A lesson has obviously been learnt by Psygnosis since Beast, as Agony contains the superb graphics of the Beast series, but can also claim to be a rather playable shoot ’em up, too. As one of the apprentices of Acanthropsis, a wizard who has discovered the mysterious Cosmic Power, Alestes (that’s you)must battle through six levels of nestles thrown at him by his rival apprentice, Mentor. However, in a weird twist, and to justify the main sprite. Alestes enters battle in the form of a heavily-armed Owl.
Power-ups are the heart of a good shoot ’em up, and Agony has them in spades. Periodically, icons tumble across the screen, and quick joystick-wiggling allows Alestes to swoop down to collect them. There are three types of bonus items: protective swords; potions to increase firepower: and scrolls which provide assorted effects. To use them later, the firebufton should be depressed to reveal the list of scrolls held. Using spells at the right time can have a devastating effect on the bad guys, especially the end-of-level nestles which make their obligatory appearance. The quality of the aforementioned main Owl sprite, and the superb backdrops, unfortunately make the enemy ones look rather weedy. They are, however, both original and amusing including creatures that look suspiciously like flying koala bears. Overall, there’s a vaguely Japanese feel to the game, keeping in with the graphical style of Leander. During the game, the monsters come thick and fast. but there’s no noticeable slowing of the action. However, the actual gameplay, whilst suitably frenetic, isn’t exactly original – perhaps Psygnosis were hoping that the unusual main sprite would disguise this? They also claim that ‘priority has been given to playability’ and for once it’s no idle boast. Things start out easily enough as you’d expect, but by the fourth or fifth level it’s serious mayhem on the screen shoot ’em up heaven, in fact. It’s a shame that autofire isn’t available (because of the scroll selection) but the action will soon have you ignoring tired fingers.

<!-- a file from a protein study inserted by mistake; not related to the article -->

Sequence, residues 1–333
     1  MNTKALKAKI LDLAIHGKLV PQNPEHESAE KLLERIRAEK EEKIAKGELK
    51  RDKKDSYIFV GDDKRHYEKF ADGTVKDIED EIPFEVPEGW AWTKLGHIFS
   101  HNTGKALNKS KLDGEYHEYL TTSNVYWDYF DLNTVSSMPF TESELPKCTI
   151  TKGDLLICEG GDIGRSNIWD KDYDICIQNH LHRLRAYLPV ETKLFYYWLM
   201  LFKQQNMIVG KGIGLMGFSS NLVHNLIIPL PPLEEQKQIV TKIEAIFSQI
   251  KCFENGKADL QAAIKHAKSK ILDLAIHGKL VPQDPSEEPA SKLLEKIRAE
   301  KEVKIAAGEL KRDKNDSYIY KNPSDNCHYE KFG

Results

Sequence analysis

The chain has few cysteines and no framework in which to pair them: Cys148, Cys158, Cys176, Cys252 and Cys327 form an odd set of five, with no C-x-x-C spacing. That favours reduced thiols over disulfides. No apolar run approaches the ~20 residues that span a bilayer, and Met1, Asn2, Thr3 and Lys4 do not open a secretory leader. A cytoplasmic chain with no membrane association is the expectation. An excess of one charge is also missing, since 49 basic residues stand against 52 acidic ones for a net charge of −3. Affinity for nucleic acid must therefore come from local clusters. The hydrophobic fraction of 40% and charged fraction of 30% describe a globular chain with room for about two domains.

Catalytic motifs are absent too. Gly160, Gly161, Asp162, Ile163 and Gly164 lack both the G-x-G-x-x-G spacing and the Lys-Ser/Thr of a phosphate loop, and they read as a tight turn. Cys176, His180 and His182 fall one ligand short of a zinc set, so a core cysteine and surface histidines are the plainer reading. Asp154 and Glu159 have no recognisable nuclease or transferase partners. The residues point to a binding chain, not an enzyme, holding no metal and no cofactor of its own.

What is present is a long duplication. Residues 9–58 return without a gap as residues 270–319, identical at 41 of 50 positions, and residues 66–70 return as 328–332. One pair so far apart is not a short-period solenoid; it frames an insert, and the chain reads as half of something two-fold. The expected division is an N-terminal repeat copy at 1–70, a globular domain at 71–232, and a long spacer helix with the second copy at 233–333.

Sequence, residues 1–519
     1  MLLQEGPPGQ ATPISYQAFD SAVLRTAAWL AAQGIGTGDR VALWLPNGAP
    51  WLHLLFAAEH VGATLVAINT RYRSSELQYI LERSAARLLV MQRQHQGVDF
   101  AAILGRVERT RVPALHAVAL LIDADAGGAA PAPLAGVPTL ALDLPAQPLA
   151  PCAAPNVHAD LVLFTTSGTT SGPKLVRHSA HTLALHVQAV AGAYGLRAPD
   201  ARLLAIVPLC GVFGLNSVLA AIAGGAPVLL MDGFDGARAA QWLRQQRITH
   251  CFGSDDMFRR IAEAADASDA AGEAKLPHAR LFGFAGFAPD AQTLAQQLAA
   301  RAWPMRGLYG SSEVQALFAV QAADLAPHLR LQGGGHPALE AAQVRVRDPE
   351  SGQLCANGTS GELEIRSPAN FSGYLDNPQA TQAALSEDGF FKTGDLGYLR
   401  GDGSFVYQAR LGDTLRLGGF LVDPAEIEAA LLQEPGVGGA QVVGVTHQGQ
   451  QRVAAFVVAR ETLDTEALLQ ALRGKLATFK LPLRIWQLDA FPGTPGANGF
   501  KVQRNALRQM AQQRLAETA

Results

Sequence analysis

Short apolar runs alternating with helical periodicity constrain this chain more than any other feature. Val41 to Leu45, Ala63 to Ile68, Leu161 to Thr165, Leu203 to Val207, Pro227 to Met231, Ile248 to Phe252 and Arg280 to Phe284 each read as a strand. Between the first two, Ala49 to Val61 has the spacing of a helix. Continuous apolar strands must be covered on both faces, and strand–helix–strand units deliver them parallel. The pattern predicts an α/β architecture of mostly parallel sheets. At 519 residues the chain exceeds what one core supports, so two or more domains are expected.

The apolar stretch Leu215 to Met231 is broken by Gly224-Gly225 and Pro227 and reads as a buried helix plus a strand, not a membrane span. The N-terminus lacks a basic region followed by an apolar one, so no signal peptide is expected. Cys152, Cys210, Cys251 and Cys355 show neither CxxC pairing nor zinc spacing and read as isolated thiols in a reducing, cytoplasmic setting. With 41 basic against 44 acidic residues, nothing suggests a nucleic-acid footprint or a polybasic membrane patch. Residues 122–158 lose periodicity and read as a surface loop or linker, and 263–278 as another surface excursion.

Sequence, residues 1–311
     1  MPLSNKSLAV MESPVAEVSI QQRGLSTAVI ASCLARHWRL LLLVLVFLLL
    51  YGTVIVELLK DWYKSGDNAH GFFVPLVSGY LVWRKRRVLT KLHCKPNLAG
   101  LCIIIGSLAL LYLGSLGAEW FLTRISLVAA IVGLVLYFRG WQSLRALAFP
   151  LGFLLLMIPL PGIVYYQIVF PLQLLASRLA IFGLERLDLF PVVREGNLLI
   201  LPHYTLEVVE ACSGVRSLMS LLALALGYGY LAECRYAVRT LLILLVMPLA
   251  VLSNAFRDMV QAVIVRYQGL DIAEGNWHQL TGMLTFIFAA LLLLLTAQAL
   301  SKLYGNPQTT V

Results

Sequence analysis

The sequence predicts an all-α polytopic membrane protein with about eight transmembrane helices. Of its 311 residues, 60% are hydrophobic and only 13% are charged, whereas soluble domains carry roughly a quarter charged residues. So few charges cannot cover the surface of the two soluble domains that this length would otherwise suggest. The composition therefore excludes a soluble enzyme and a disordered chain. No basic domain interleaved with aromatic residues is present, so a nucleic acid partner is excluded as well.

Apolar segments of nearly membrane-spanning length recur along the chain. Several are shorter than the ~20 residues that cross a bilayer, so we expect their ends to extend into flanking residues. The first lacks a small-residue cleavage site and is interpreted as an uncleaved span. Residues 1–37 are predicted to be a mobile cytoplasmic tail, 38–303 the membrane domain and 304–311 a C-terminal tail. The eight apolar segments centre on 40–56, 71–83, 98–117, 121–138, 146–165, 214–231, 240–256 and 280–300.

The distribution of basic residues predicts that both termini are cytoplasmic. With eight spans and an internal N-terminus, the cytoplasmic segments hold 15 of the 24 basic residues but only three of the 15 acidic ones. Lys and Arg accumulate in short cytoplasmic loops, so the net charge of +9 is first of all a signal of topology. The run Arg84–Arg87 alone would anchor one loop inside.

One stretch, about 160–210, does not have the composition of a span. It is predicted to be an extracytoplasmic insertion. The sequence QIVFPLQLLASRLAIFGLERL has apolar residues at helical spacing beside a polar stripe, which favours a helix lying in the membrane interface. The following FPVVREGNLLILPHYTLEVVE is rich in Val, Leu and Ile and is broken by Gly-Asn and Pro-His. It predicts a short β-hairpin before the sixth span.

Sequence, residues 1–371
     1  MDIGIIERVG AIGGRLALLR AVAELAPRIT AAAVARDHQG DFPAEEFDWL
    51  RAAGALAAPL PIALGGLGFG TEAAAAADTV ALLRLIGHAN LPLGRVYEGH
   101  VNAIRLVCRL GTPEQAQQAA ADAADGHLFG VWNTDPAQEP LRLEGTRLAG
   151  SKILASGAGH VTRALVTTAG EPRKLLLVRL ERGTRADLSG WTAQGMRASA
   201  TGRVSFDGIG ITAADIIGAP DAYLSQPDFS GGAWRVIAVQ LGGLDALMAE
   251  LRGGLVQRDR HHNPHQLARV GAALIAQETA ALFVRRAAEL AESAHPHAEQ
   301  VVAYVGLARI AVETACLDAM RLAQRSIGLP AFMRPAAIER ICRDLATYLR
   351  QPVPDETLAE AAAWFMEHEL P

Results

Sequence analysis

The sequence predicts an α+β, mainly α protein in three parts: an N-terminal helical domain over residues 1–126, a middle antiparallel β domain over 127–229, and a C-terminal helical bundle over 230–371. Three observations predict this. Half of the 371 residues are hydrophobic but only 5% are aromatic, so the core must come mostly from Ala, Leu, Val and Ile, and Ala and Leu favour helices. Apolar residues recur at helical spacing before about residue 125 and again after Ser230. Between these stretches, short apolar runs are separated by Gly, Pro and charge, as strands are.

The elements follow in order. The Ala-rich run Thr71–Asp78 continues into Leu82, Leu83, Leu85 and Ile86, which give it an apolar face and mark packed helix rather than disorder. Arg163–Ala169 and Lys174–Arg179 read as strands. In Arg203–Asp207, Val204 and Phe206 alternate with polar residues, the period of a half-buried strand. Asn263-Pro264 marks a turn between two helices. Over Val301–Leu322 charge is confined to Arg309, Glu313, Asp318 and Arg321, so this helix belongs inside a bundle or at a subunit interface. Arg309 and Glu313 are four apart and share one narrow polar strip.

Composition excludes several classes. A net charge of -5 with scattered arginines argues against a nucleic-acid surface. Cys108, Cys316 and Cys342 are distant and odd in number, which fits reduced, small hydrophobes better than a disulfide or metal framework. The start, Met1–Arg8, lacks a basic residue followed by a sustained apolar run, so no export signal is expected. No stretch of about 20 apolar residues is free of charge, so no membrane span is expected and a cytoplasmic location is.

It seems that Psygnosis have finally got rid of the Beast-ghost and other ‘lookspretty- but-where’s-the-game’ products. The screen shots will indicate the quality of the graphics, but thankfully there’s more to Agony than that, with fast-moving playability putting it on a level above the vast majority of similar games released on the Amiga Perhaps not a classic, it should still be given shelf space by anyone devoted to blasting games.